Lead nominator: Max Wakefield, Sabbatical Officer, Students' Union

In his first year at Bristol, Jonathan became involved in Student Council and used this to raise issues of concern about student life. He also became involved with the Bristol University Sustainability Team (BUST) and took on the role of Ethics Officer. Jonathan has taken a leading role in organising events such as Ethics and Environment Week and the Sustainable Development Conference. One of BUST’s major successes has been the establishment of Foodcycle, a project in which students work in partnership with supermarkets and shops to collect surplus food and run a community lunch in Easton in Bristol. Last year, Jonathan was responsible for organising food collection by bike and bike-trailer and continues to be heavily involved in the project.

Jonathan has also run an ambitious 'Auction of Promises' that gave student groups and societies the opportunity to present their activities and request people to offer promises of volunteering hours or money to support their activities. This event raised a large sum of money for various different voluntary projects and groups and ensured hundreds of hours of volunteering as well as raising awareness of the range of voluntary activities undertaken by students.

Jonathan has also been involved in the development of student volunteering through the Bristol Hub, a network of ethical, environmental, developmental and community volunteering societies and student groups. The group is going from strength to strength and engages with 26 Union societies and reaches over 5,000 students with its weekly newsletter, and during the last academic year Jonathan was responsible for this communication.

His nominator says: 'The range of activities and campaigns Jonathan has established and developed is quite phenomenal. He is both a team player and a leader.'

Jakrada (Ming) Attarataya (PhD Biochemistry 2009-)

Lead nominator: Dr Catherine Nobes, Reader in Cell Biology, School of Medical Sciences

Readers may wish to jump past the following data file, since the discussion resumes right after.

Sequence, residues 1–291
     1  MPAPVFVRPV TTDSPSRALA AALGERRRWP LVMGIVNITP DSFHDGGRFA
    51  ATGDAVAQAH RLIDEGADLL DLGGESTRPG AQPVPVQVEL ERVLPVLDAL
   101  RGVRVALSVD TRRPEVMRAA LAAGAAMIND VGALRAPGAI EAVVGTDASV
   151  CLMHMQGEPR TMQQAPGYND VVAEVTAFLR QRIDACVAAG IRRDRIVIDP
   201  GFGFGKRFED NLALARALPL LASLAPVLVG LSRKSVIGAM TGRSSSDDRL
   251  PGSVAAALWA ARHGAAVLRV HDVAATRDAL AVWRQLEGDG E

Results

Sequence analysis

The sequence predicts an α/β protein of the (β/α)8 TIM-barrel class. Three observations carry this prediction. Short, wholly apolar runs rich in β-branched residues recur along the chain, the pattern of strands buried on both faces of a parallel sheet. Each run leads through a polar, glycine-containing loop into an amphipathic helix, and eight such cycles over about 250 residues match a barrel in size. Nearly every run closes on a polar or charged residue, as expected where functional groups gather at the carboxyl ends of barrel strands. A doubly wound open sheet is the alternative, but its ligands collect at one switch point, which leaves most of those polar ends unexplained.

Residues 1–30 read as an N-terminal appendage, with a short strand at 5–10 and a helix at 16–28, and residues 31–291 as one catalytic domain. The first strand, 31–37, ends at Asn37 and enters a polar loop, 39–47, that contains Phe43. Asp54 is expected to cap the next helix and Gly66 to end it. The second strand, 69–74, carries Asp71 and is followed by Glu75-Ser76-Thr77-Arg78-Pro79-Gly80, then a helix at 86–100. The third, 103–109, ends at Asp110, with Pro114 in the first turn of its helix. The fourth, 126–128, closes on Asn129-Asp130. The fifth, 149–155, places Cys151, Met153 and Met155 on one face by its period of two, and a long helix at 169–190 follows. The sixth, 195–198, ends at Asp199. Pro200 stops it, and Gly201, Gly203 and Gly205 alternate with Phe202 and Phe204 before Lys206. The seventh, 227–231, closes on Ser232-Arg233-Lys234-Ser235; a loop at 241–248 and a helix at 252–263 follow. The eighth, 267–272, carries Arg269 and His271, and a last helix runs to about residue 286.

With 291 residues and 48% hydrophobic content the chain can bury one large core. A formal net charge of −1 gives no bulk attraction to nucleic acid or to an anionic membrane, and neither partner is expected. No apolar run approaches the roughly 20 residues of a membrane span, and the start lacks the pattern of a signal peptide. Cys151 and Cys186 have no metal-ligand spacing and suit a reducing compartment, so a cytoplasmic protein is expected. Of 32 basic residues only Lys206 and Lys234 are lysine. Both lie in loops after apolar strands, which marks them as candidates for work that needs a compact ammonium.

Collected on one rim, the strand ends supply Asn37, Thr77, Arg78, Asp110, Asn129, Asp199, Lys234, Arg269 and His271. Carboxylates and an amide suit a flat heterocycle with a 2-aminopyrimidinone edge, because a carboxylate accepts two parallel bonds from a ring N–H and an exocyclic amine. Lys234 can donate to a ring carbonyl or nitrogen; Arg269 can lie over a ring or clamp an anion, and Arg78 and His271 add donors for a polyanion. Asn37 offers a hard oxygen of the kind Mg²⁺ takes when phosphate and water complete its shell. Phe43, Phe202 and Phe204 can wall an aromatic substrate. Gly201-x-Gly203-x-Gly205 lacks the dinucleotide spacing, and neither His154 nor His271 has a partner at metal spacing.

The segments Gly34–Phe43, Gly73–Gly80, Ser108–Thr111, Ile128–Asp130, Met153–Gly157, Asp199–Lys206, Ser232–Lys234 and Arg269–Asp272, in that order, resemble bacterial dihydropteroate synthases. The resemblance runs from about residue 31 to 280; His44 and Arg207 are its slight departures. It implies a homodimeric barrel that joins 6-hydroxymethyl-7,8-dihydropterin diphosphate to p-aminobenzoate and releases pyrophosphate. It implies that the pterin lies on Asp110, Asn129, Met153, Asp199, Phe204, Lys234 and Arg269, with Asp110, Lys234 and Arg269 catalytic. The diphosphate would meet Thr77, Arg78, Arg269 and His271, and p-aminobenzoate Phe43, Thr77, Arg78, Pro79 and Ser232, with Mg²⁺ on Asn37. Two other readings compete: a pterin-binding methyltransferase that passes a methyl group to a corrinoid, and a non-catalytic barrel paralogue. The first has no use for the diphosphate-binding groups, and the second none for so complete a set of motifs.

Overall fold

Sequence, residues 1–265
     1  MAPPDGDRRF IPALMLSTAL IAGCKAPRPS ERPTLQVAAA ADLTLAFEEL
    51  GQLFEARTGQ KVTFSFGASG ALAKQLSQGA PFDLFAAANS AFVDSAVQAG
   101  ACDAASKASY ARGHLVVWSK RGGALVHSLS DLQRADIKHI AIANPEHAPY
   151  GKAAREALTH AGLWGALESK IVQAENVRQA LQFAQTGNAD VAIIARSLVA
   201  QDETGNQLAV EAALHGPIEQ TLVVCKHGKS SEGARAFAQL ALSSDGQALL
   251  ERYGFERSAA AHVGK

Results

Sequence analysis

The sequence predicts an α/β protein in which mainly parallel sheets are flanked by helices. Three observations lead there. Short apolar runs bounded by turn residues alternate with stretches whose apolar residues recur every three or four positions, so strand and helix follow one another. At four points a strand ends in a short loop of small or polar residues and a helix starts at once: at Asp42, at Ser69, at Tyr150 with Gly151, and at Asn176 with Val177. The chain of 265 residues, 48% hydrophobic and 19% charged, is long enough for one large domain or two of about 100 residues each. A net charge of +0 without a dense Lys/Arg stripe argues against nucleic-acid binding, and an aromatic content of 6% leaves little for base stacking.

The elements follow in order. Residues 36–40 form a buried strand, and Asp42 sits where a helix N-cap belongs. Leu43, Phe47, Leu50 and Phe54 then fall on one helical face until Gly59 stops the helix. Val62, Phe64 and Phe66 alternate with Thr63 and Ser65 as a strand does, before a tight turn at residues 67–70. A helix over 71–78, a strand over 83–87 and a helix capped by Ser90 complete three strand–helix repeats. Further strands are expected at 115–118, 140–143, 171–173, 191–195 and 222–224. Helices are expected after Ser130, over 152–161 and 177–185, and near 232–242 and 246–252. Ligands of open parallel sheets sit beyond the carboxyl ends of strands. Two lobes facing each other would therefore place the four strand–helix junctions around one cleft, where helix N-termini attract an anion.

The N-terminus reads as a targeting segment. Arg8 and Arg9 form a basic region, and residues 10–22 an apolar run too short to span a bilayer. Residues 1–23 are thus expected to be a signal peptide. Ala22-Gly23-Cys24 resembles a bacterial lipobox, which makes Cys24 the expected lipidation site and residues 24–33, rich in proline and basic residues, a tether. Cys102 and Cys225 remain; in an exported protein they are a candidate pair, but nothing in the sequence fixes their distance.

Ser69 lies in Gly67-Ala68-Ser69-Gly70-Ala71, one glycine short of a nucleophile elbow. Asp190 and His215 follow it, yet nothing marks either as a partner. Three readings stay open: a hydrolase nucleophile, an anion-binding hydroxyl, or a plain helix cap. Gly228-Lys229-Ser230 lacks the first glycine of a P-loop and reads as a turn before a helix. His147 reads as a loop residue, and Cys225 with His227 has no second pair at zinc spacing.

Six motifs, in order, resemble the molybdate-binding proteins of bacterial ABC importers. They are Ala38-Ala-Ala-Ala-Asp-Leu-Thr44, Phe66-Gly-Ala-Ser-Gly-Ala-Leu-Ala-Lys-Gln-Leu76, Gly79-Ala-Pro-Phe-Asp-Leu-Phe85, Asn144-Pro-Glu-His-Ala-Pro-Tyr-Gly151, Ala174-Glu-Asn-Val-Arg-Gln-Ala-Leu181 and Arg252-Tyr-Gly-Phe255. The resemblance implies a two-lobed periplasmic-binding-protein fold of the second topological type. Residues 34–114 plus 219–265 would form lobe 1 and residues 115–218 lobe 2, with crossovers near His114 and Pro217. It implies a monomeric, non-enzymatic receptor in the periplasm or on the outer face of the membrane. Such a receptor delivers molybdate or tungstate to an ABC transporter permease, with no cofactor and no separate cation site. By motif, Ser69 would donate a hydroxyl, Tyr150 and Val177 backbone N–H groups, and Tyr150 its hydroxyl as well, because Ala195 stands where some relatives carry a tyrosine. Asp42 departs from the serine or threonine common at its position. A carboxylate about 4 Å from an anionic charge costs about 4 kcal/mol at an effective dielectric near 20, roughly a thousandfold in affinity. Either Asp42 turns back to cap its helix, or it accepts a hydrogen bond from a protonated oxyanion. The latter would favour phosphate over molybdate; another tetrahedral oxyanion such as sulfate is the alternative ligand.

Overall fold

Ming came to Bristol from Thailand in 2009 and is sponsored through a prestigious award from the Thai Government based on academic achievement. Her doctoral studies are focused on using X-ray crystallography to determine the structures and mechanisms of several key enzymes found within pathogenic organisms. This is a complex field that requires a broad and interdisciplinary approach combining biology, chemistry, mathematics, physics and computing.

Her studies are both academically challenging and require extensive collaborative working. Ming’s work requires her to do experiments at the advanced Diamond Light Source facility near Oxford, which  has involved dealing with complex operating and safety requirements.

Ming’s achievements are made all the more remarkable by the fact that she has been profoundly deaf since birth and, consequently, also has a degree of speech impairment. Despite this, she has reached the very highest and most competitive standards in her chosen field. Ming relies extensively on lip-reading to meet the language requirements for studying at Bristol and, to be able to progress her research studies, Ming had to learn English by lip-reading.

It is a tremendous tribute to her determination that she has overcome these challenges and, at the same time, worked closely with her department to devise and implement effective and safe working methods for laboratory studies, and means by which she can readily communicate her findings. Ming’s achievements are truly inspirational.

Her nominator says: 'Ming is eminently worthy of recognition in view of the tremendous role model she offers to others.'